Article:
Pennsylvania, by contrast, won’t even begin processing mail-in ballots until election day. Some counties won’t start until Wednesday. So in that state, the results reported on Tuesday will be almost exclusively election-day returns.

In Florida, the first wave of early votes almost certainly will favor Biden. Then, watch to see if his lead can withstand a wave of election day votes by Trump supporters. If it does and Biden carries the state, the results could be known as early as 10 p.m. Eastern time on election day. And if Biden carries Florida, that would all but close Trump’s path to victory.

But if Trump wins Florida, the next early state to watch could be North Carolina, another must-win state for the president. There, too, mail-in ballots get processed early, and the first election returns likely will show a strong lead for Biden followed by a rising tide of election-day votes for Trump. Somewhere between midnight and 1 a.m. Eastern time, officials expect to have reported nearly all the state’s votes.

If Biden fails to capture either of those states, the presidency likely will turn on Arizona and the trio of big industrial states that went to Trump in 2016 — Pennsylvania, Wisconsin and Michigan. In Wisconsin, the results may be known by early Wednesday morning, but the other three are all but guaranteed to take longer.

While Florida and North Carolina likely will both feature an early blue wave that shifts toward red as the night goes along, states like Pennsylvania will go the other way. Early returns on Tuesday will almost certainly favor Trump, who may then try to claim victory before the rest of the vote gets counted or go to court in an effort to block a full vote count.

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Handle exit polls with care

Every four years, early results of the exit polls get leaked and are gobbled up by people desperate for clues about how the election will turn out.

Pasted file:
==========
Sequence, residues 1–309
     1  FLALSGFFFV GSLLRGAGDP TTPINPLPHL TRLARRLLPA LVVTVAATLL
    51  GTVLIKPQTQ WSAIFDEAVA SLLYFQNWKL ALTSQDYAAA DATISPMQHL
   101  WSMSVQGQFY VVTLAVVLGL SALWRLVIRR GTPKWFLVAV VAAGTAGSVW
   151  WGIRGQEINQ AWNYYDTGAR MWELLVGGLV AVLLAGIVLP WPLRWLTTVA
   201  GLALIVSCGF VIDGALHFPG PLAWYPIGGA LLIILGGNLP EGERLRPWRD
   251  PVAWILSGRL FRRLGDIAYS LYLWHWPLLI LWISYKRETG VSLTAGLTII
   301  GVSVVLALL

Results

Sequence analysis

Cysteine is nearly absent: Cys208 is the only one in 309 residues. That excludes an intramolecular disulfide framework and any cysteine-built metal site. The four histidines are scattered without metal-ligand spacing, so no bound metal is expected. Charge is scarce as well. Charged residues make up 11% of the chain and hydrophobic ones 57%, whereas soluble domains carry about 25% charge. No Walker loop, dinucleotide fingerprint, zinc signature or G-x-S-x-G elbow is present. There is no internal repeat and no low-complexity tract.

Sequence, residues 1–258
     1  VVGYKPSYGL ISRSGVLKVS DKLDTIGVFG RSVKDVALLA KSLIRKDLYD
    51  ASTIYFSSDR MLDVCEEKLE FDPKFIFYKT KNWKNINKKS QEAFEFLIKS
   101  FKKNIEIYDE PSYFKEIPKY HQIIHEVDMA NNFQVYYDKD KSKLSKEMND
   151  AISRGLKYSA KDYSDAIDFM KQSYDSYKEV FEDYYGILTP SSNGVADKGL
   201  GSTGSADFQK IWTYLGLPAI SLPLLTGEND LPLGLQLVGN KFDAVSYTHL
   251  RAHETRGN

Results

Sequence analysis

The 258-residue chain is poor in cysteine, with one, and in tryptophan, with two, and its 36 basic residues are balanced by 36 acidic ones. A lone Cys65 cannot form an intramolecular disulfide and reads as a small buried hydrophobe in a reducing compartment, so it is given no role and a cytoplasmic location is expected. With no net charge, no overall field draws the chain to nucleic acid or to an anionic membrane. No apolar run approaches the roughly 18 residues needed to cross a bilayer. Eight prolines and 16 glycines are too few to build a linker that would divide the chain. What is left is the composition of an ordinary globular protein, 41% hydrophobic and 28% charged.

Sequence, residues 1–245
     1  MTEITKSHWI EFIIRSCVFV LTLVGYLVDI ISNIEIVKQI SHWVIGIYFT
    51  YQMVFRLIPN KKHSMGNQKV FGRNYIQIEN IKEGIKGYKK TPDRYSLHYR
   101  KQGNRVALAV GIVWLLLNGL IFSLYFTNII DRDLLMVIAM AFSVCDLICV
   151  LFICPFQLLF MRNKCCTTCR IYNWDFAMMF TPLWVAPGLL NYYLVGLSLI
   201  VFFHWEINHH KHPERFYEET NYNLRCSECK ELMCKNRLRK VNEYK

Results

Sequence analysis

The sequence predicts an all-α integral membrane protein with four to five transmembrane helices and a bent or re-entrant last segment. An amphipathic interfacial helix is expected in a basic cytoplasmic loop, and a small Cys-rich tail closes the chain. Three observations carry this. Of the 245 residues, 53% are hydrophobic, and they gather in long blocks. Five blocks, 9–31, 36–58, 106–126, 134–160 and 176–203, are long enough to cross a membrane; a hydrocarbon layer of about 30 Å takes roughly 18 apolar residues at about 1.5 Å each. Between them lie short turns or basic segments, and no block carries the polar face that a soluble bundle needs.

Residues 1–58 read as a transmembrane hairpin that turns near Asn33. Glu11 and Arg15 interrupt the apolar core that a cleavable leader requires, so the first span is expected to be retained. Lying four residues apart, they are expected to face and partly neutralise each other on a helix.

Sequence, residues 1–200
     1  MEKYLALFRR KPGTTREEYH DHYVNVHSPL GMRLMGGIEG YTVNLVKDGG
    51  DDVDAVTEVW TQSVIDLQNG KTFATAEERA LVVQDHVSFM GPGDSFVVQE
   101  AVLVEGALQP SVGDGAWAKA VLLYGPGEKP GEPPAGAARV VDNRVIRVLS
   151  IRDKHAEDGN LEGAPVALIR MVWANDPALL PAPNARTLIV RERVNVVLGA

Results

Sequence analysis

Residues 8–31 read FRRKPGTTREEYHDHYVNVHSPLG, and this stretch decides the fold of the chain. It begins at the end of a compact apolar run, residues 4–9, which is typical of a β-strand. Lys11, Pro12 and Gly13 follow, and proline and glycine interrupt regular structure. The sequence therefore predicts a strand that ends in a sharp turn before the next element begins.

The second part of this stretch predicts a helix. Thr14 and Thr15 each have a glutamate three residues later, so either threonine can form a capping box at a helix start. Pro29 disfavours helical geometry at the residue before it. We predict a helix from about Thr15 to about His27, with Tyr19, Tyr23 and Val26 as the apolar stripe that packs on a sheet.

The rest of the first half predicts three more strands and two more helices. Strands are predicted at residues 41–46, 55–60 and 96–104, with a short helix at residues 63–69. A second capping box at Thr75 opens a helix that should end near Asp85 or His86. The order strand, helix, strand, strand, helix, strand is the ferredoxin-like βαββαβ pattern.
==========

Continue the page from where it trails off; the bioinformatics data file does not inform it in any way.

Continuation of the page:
Try not to get suckered. Exit polls can provide a great tool for understanding the election, but the early results are only partial and often misleading — just ask John Kerry, who had a big lead in the early exit polls in 2004, which vanished as more data arrived.

The label “exit poll” no longer really describes these surveys. Because so many people vote before election day, exit pollsters now combine the traditional poll of voters leaving polling places with large preelection surveys of people who have already voted.

The country has two election-night exit polls. Four television networks — ABC, CBS, NBC and CNN — contract with Edison Research to handle their exit poll. The Associated Press has its own poll, conducted by the National Opinion Research Center at the University of Chicago, which Fox News also uses.

Each of those news organizations has a large decision-desk operation, staffed by statisticians and political scientists, who take the exit poll numbers and combine them with the vote count as the evening goes along. The exit polling firms use the actual vote to adjust their numbers so that the analysis they provide — how did women vote compared with men, for example, or which issues did voters consider most important? — accurately reflect the electorate.

The decision desks at each network and the AP are the ones that call the results of states. Each news organization makes its own calls based on its own decision desk. Other news organizations, which don’t have their own decision desks, rely on them to tell their audiences where the race stands.

The L.A. Times, for example, will report a state as won or lost if either the AP or any two networks have called it.

Those news media calls, however, have no legal force. Each state certifies its election returns based on its own laws. Under federal law, states have until early December to finish and certify their work.

Three more things we’ll be watching for

How will Latinos vote?

Several preelection polls, including the Cooperative Congressional Election Study, a very large, long-running academic survey, have reported Trump doing better with Latino voters than he did in 2016. That appears to be especially true in Florida, where Trump has made a strong pitch to the state’s large Cuban American community, among others. If you haven’t read it already, make time for Brittny Mejia’s look at the diversity of Florida’s Latino voters.

Other surveys, however, have not shown Trump gaining among Latino voters. Latino voters are difficult to poll — the population is younger than the national average, with more recent immigrants, both groups that tend to be harder to reach and also late in deciding on political races.

Low turnout in heavily Latino precincts has also been a long-standing challenge for Democrats in Texas and Arizona, among other states. The size of the Latino vote could determine whether Biden’s polling lead in Arizona translates into a victory and whether the Democrats are truly able to flip Texas to blue.